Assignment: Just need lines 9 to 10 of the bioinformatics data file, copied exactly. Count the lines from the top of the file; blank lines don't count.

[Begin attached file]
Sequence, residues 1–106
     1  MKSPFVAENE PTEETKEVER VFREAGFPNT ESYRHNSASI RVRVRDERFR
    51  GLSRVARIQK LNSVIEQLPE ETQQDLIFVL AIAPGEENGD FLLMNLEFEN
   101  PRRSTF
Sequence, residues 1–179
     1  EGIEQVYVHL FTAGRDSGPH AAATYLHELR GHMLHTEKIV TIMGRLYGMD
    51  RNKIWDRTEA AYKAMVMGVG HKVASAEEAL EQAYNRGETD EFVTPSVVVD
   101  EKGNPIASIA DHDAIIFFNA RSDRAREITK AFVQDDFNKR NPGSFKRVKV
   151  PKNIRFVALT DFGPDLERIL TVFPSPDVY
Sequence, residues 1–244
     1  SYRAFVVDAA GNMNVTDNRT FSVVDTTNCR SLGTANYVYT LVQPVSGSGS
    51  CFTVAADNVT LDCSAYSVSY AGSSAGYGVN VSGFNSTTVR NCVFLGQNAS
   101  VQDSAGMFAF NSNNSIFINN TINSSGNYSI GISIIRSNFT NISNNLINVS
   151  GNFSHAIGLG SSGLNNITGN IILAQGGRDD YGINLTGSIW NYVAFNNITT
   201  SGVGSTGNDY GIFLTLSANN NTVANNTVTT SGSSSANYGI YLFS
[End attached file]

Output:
   151  PKNIRFVALT DFGPDLERIL TVFPSPDVY
Sequence, residues 1–244